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After years of believing all giraffes belong to one species, scientists have found there are actually four different species of giraffes. According to DNA analysis, giraffes have been spilt into the Southern Giraffe, Northern Giraffe, Masai Giraffe, and Reticulated Giraffe. This particular discovery belies a lack of giraffe research in general, but also raises the question—who gets to decide what is or isn’t a species?

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Though scientists have noted for years that giraffes have slightly different patterns of spots and horn shapes, they were considered one species since individuals from different populations readily interbred in captivity. Subtle differences in appearance led to the designation of nine different subspecies instead.

Interbreeding is key to the biological species concept, which defines a species as members of populations that can interbreed with each other to produce viable offspring. (To be considered “viable,” the offspring must themselves be able to reproduce.) The offspring of different giraffe mixes were viable, so everyone assumed giraffes were all members of the same species.

The problem is that hybridization between species is quite common. In response, some researchers define species on the basis of morphological differences. Exhaustive physical analysis of a specimen is required before an organism is officially a new species. Even then there is wiggle room. In a debate dating back to botanist and Darwin contemporary Joseph Hooker, taxonomists argued about the murky criteria for a new species. Conservative lumpers, like Hooker and Darwin, were far more hesitant to identify new species. Splitters had no such reticence and were willing to assign species based on slight differences. A group of plants, for example, might be 10 species according to lumpers and 50 according to splitters.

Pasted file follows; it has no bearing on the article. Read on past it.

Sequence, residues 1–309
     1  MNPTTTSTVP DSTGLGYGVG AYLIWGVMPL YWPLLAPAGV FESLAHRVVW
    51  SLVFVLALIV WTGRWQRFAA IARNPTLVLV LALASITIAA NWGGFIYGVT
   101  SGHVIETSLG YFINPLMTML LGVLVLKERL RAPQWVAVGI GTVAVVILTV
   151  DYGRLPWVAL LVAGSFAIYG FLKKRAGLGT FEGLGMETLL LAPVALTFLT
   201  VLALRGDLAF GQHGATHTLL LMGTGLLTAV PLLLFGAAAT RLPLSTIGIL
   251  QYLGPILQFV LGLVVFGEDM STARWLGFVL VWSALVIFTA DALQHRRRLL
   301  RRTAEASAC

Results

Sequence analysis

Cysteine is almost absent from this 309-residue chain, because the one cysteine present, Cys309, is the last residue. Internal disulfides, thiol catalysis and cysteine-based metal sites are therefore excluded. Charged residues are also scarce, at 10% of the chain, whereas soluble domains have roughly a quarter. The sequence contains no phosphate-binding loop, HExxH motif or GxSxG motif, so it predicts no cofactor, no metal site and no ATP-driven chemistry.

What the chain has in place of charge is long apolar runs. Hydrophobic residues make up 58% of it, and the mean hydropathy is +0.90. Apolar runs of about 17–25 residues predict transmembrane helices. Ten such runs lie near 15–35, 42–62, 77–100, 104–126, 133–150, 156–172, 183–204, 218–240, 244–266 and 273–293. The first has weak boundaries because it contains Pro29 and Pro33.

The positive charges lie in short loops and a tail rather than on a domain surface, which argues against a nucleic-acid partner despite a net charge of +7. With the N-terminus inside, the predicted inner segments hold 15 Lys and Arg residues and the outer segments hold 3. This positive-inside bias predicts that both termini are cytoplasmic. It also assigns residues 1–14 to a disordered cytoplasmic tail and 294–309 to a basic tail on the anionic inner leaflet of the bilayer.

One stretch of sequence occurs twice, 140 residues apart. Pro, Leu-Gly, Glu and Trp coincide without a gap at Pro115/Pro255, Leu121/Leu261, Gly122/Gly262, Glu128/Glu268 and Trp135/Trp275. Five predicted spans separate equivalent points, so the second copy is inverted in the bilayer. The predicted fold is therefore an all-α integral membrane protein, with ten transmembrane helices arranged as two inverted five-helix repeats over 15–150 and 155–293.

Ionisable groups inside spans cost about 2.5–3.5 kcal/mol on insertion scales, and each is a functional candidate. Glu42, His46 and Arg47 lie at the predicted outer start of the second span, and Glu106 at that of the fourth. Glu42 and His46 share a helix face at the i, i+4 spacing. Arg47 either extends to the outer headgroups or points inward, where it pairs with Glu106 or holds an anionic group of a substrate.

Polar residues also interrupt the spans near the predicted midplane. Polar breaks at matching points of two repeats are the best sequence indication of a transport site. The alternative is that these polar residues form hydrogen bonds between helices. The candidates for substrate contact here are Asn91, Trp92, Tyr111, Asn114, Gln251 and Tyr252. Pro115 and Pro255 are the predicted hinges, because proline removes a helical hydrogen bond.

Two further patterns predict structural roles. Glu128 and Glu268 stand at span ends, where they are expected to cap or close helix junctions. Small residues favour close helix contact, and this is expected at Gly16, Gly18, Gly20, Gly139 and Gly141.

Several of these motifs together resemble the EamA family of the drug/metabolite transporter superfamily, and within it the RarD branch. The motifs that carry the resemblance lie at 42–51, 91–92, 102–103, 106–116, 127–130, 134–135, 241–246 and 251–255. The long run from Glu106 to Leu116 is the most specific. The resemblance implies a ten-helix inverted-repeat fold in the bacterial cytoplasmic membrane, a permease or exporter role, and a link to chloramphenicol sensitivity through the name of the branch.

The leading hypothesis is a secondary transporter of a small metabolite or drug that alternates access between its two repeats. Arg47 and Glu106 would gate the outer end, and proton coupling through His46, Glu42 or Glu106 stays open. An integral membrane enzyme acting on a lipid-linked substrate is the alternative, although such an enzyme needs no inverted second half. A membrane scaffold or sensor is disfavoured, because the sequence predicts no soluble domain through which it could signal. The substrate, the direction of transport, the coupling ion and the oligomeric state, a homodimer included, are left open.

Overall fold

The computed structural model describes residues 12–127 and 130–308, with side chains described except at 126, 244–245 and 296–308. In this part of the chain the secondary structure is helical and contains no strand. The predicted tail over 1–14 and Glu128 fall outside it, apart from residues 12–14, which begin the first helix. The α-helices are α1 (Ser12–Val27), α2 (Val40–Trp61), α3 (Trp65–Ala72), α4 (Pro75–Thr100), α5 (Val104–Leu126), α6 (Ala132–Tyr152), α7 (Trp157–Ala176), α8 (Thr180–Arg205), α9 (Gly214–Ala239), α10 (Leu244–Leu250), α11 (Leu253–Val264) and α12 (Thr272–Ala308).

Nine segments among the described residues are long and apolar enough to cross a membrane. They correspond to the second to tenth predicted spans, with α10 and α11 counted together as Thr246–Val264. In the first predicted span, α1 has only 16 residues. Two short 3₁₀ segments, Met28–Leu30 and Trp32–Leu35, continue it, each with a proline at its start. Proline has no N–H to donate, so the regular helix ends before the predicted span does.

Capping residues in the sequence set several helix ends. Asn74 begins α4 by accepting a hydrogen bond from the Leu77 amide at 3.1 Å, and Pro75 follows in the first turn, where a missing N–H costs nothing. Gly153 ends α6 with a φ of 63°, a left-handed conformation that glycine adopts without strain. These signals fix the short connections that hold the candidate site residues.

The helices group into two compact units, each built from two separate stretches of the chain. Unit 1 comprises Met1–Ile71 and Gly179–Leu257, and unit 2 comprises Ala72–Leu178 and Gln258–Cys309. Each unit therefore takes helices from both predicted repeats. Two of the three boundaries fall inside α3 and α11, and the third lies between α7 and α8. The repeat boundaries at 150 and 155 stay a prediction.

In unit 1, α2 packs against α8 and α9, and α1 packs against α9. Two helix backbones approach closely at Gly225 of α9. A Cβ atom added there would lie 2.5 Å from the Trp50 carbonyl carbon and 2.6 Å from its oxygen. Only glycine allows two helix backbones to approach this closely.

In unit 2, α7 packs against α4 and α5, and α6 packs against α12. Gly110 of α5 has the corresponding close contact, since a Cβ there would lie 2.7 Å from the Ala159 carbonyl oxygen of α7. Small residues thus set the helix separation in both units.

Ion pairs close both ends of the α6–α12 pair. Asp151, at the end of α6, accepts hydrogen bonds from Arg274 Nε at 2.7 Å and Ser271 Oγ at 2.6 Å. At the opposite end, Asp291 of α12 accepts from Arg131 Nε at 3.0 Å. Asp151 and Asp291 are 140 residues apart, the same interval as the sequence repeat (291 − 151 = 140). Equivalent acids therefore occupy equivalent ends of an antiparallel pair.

Today, technology has enabled both new ways to settle the species question and ways to further the lumper/splitter debate. DNA sequencing has brought us the genetic species concept. In this model, species are defined by genetic isolation rather than reproductive isolation. Species may be more or less identical morphologically but differences in DNA determine if a population is a separate species or not. By this method, some analyses indicate that there may be thousands of additional mammals, like the additional giraffe species, hiding in plain sight. However, there are still arguments about just how much genetic variation is enough to signify a distinct species.

The giraffe study is noted for its significance to conservation. Giraffes are in decline across their range. If there are different species, than the loss of a population might mean mean the loss of a unique species.


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Journal of Mammalogy, Vol. 43, No. 4 (Nov., 1962), pp. 550-552
American Society of Mammalogists
Journal of the History of Biology, Vol. 39, No. 1 (Spring, 2006), pp. 1-39
Journal of Mammalogy, Vol. 87, No. 4 (Aug., 2006), pp. 643-662
American Society of Mammalogists